Retourship Batavia

Mar 10, 2015, 7:00AM EST
Retourship Batavia
The gruesome but true story of shipwreck and murder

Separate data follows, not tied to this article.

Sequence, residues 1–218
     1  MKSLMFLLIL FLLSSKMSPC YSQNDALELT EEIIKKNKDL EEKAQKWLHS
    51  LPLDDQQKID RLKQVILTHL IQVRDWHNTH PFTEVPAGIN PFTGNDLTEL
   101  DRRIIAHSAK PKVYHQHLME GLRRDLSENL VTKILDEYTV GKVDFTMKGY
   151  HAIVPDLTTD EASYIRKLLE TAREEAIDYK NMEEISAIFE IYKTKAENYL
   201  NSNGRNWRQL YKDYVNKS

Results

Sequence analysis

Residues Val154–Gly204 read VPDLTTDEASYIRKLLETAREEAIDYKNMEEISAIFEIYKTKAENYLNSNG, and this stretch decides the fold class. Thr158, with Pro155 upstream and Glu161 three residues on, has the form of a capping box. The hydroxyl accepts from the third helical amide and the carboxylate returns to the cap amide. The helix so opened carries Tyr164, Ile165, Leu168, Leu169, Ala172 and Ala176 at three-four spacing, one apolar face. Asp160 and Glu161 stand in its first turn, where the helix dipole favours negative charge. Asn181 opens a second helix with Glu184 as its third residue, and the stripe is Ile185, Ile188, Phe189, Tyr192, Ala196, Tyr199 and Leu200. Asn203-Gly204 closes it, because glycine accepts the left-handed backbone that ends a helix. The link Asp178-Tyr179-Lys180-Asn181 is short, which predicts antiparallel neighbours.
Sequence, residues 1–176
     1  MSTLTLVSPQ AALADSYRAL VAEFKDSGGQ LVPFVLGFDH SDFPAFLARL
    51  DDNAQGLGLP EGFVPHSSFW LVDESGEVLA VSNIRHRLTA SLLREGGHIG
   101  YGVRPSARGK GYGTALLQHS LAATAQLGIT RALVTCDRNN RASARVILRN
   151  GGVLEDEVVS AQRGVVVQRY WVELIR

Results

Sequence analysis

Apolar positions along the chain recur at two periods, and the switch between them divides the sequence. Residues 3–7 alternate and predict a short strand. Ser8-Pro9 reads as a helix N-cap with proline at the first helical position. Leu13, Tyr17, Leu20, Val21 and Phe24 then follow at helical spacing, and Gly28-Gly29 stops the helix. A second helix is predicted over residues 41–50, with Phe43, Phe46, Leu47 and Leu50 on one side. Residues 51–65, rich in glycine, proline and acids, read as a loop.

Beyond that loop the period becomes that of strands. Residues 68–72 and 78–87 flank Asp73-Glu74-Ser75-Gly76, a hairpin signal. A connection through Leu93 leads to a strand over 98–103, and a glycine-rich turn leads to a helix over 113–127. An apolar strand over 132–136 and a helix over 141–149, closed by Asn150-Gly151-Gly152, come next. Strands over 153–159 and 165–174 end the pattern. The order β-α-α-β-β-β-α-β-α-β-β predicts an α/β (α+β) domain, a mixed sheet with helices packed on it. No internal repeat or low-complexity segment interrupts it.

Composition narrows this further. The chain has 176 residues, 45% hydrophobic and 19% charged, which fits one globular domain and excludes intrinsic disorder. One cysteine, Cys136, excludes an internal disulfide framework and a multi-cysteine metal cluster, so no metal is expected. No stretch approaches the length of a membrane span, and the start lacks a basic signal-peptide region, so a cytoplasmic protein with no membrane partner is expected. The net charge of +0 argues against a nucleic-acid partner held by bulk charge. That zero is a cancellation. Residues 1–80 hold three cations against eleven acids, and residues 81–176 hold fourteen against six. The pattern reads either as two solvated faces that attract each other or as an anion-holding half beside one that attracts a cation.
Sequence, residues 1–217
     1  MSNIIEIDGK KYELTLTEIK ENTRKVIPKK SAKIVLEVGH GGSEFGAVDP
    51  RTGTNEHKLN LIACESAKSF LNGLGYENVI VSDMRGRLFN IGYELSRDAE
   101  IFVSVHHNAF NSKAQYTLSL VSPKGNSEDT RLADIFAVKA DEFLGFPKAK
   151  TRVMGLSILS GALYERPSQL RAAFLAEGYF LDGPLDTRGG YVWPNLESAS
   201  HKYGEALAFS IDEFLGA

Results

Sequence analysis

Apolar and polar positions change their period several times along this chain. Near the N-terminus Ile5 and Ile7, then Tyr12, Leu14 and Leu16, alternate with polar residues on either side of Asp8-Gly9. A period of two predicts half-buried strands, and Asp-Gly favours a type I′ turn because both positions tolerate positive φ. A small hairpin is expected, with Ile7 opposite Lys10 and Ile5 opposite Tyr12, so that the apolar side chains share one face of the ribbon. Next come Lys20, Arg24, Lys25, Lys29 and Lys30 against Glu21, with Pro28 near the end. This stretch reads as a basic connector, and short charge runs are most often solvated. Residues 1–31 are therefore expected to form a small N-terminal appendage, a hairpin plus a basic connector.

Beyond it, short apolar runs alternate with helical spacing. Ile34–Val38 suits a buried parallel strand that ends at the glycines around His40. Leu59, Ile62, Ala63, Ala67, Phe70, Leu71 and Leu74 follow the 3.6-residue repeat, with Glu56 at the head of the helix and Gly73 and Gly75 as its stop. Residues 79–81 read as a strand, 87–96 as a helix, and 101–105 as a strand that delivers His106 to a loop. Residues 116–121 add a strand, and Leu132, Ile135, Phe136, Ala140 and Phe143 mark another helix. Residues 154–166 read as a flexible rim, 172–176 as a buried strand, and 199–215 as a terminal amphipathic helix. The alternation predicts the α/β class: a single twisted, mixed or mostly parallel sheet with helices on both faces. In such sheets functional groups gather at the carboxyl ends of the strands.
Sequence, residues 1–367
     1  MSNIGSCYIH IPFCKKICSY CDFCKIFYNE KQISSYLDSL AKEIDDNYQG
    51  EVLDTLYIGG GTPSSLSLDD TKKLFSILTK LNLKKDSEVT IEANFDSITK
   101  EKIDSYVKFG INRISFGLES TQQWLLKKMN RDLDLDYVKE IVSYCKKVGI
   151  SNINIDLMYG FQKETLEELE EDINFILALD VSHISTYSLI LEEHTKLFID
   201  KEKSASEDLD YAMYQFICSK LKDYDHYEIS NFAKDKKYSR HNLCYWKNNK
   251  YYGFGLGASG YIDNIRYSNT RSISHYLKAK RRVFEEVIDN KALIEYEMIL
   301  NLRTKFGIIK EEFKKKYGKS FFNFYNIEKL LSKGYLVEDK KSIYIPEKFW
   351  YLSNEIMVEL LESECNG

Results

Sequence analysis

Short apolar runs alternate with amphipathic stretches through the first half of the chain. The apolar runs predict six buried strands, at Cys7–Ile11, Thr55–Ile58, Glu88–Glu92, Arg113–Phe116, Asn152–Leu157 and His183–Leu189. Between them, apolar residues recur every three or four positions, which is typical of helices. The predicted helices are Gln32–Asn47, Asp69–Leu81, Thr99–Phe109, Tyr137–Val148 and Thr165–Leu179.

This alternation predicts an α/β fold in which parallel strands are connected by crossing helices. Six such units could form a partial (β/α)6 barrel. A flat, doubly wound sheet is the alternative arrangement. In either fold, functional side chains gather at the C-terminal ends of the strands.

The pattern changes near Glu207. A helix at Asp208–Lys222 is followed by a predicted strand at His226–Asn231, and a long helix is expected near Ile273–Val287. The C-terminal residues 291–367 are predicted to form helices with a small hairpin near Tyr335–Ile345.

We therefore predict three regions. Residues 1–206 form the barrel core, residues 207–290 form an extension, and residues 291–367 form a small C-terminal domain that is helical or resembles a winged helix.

A retourship was a heavily armed and well-manned merchant ship of the Dutch East India Company (Verenigde Oostindische Compagnia or VOC), specifically designed for the long roundtrip (retour) voyage from the Netherlands to the East Indies.  Numerous retourships were built and put into service, but the most notorious had possibly the shortest career.  Batavia was completed in 1628 and armed with 24 cast-iron cannons and a number of bronze guns.  It sailed on 27 October 1628 from Texel for Batavia, Dutch East Indies with 341 persons on board, including passengers and supercargoes.  It sailed in company with a warship, three other retourships, two storeships, and a small yacht.  Senior merchant Francesco Pelsaert was placed in command, making him senior to the ship’s master, Ariaen Jacobszoon.  Relations between the two men were strained from the beginning.  Also on board, in the position of junior merchant, was Jeronimus Cornelisz, who turned out to be a homicidal maniac.  In accordance with standard practice of the time to take best advantage of wind and currents, the plan was to sail 2,800 miles east after rounding the Cape of Good Hope and then turn north for the East Indies.  During the long voyage, the ships in the flotilla became separated. Unfortunately, Captain Jacobszoon miscalculated Batavia’s position and underestimated the ship’s progress.  He turned north too late and grounded hard on the largely barren Houtman Abrolhos Islands off the west coast of Australia.  The islands are a series of coral reefs and may have been difficult to detect until the grounding.  Batavia sank quickly, with the loss of 40 persons.  The remainder reached shore on Beacon Island, but with limited resources.  There was little food and water to be found on the island or on the other nearby islands.  Using Batavia’s longboat, Pelsaert, Jacobszoon, and a few others departed for the Dutch East Indies to obtain a means of rescue for the survivors.  Cornelisz was placed in charge of the survivors in the interim.  He recruited a cohort of desperate and murderous young men willing to follow his orders.  He persuaded groups of others to disperse to nearby islands, supposedly to look for food and water.  Actually, he intended for them to die of thirst and starvation.  He and his men then started killing the remaining passengers and crew.  Eventually, 110 men, women, and children were murdered.  When he became aware that those sent to one of the other islands had actually found water, he launched a series of unsuccessful attacks.  It was during the fourth attack that Pelsaert and his rescue ship arrived.  Cornelisz and his men were arrested.  He and his principals were tried and convicted on the island and promptly executed by hanging.  The other murderers (as well as the 68 remaining survivors) were taken to Batavia, Dutch East Indies.  The murderers were convicted.  One was broken on the wheel, five were hanged, and the others were flogged.

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